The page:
Ideas / Life / Thinking / April 23, 2013

Paradigms, Mantras and Settling for Less

We love to simplify complex ideas, to make big thing small and sum things up as neatly as possible. It is the easiest way to keep thoughts organized and make sense out of the complicated. We try to take entire

ideologies or theologies and sum them up in tight pradigmic phrases. We especially do this with quotes pulled from deep thinkers. Rather than absorb the entirety of their arguments we lift the one or two phrases that seem to sum up the ideas nicely and just run with those.

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Martin Luther King Jr. – “Hate cannot drive out hate; only love can do that.”

C.S. Lewis – All sin stems from Pride.

Mother Teresa – “If you love until it hurts there can be no more hurt, only more love.”

Tim Keller – “All sin is idolatry.”

Gandhi – “An eye for an eye only ends up making the whole world blind.”

John Piper – “God is most glorified in us when we are most satisfied in him.”

Winston Churchill – “You have enemies? Good; that means you’ve stood up for something in your life.”

William Shakespeare – “Love all, trust a few, do wrong to none.”

Truth is easily apparent in each of these quotes or ideas. So the problem isn’t finding the wrong paradigms, it is settling for too few and doing so too readily. When we adopt a single paradigm, or maybe two, as our inspiration and guidance they easily become mantras – phrases repeated endlessly with little thought in the hopes it will transform. Mantras are meaningless. Christians can even do this with “life verses.” Jeremiah 29:11 becomes the quick fix for all problems and Romans 8:28 is the comfort for all troubles.

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Three main problems present themselves when we settle for such simplistic, mantra like wisdom. First, is that we are settling for synthesized and compacted thought. The strength of these singular thoughts comes from a massive scaffold of other thoughts on which they are built. If all we take is the single mantra we know little of the true power of the thought. The second problem is more one of human nature: anything repeated often enough, no matter how brilliant, becomes rote and fades into the background. In order for truth to maintain its radiance in our eyes it must remain varied and rotated. Truths repeated endlessly become tired (though not less true). The third problem is also a function of humanity – that of human error. No one mantra sums all of life or truth perfectly. No one piece of wisdom answers all the questions or is clearly applied in every situation. So to claim one or two or three bits of wisdom as  what you “base your life on” is to leave yourself with a largely empty tool box while face the complex project of life.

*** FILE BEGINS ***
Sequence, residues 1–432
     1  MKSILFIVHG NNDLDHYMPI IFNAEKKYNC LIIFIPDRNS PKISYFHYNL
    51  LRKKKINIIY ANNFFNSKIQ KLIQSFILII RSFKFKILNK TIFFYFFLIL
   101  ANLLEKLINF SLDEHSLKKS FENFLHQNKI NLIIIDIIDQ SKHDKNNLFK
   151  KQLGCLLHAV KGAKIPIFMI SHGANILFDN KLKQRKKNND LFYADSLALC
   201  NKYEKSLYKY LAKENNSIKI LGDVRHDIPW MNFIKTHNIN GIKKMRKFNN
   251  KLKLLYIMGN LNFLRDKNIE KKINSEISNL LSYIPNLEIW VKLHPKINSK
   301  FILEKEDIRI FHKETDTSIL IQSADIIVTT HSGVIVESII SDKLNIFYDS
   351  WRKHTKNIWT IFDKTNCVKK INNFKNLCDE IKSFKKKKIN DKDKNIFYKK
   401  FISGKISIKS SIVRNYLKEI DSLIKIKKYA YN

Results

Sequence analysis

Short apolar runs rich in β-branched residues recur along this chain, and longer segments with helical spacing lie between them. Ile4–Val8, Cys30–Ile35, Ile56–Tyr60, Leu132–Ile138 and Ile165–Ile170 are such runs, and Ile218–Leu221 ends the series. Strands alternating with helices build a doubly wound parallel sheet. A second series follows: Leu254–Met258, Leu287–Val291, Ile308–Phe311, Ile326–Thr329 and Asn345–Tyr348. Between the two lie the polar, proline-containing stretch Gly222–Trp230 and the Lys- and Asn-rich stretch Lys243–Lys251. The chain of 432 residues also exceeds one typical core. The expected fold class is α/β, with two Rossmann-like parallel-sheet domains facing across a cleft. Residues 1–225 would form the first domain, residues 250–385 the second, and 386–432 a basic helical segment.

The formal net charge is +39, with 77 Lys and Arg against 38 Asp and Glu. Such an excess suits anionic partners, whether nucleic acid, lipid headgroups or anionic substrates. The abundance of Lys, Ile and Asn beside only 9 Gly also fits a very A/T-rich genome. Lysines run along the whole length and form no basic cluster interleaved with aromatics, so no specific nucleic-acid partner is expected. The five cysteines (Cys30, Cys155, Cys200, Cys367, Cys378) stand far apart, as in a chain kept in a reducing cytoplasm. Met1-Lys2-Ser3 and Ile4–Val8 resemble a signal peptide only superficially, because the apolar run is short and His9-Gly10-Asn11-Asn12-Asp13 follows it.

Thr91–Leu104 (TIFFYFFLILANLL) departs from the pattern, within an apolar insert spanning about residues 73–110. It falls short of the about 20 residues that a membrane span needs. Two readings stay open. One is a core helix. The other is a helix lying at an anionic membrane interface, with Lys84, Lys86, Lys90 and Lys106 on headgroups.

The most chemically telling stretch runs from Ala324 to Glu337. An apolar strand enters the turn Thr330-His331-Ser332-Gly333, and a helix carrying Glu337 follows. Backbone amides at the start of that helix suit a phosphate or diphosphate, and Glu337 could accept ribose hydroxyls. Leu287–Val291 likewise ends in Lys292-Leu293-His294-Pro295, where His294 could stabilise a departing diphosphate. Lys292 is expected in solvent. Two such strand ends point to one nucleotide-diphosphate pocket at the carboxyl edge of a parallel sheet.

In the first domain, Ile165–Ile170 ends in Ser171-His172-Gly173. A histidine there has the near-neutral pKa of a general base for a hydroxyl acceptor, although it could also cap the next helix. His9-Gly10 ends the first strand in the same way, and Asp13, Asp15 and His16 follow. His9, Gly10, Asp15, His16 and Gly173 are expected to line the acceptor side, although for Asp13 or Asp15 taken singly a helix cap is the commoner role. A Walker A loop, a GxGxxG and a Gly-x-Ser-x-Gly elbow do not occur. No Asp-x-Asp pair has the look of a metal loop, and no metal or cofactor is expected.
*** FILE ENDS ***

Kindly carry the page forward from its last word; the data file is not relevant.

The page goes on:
There is no simple way to find and learn wisdom for life. The function of simplicity is to create easier opportunities to begin discovering, but not to be the end of discovering. Even biblical truths cannot be isolated and claimed apart from the full canon. Our response to brilliant bites of wisdom should not be to treat them like the samples at Costco but rather as an appetizer for the seven course meal. Each bite should titillate the senses and create wonder as to what more there might be. 




2 Comments

Apr 28, 2013

Good thoughts Mr. Barnabas. I’ve developed an interest lately in looking at the context of the ‘Sunday School verses’ many of us learned growing up. Ephesians 2:8-9 is a great example. We love those verses because of the simplicity of them in showing us what salvation is. But :10 is the reason then that we are saved, for good works. I’ve often thought that might be the verse the Holy Spirit wanted us to remember.


Nov 12, 2014

Thanks Barnabas!

Great thoughts on the subject. Your post made me think of past days in the corporate world, being locked in a room with all the other managers, and having to hammer out a mission statement. One phrase rarely captures the entire essence of what a company is doing.

The same holds true in our lives. One life verse, or one main focus for the whole of our life tends to limit what God really has in store for us. When I was younger, I was discipled by a pastor at our church. I remember one day telling him that I wanted to become an expert at eschatology, a subject that fascinated me at the time. He warned me of how this type of thinking was very limiting. Instead, he challenged me to study the “whole counsel of God” (Acts 20:27). That was the best advice I ever received, and I’ve tried to heed it ever since.

I’m all for simplifying things down to their main essences. I even do this with biblical themes, but as you pointed out, “Even biblical truths cannot be isolated and claimed apart from the full canon.” So for me, the best way to stop and focus on a “tree” is to first see the “forest” in which it is found.

Anyway, keep up the good work. I’m really enjoying your posts!

Take care and God bless,
Steve



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